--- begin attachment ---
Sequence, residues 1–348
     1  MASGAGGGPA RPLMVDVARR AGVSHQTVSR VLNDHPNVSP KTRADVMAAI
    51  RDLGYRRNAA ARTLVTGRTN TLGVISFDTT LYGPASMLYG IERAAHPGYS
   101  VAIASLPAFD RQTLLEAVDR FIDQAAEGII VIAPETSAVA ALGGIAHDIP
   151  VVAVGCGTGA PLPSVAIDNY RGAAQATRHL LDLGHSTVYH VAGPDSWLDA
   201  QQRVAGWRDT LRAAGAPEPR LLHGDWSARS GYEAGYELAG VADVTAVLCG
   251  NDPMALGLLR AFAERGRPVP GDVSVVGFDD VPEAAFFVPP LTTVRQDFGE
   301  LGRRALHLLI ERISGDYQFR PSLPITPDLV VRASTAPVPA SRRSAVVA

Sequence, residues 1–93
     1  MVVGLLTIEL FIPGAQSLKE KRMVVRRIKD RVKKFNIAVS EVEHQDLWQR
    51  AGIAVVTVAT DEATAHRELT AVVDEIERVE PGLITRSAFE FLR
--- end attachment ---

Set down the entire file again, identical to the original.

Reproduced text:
Sequence, residues 1–348
     1  MASGAGGGPA RPLMVDVARR AGVSHQTVSR VLNDHPNVSP KTRADVMAAI
    51  RDLGYRRNAA ARTLVTGRTN TLGVISFDTT LYGPASMLYG IERAAHPGYS
   101  VAIASLPAFD RQTLLEAVDR FIDQAAEGII VIAPETSAVA ALGGIAHDIP
   151  VVAVGCGTGA PLPSVAIDNY RGAAQATRHL LDLGHSTVYH VAGPDSWLDA
   201  QQRVAGWRDT LRAAGAPEPR LLHGDWSARS GYEAGYELAG VADVTAVLCG
   251  NDPMALGLLR AFAERGRPVP GDVSVVGFDD VPEAAFFVPP LTTVRQDFGE
   301  LGRRALHLLI ERISGDYQFR PSLPITPDLV VRASTAPVPA SRRSAVVA

Sequence, residues 1–93
     1  MVVGLLTIEL FIPGAQSLKE KRMVVRRIKD RVKKFNIAVS EVEHQDLWQR
    51  AGIAVVTVAT DEATAHRELT AVVDEIERVE PGLITRSAFE FLR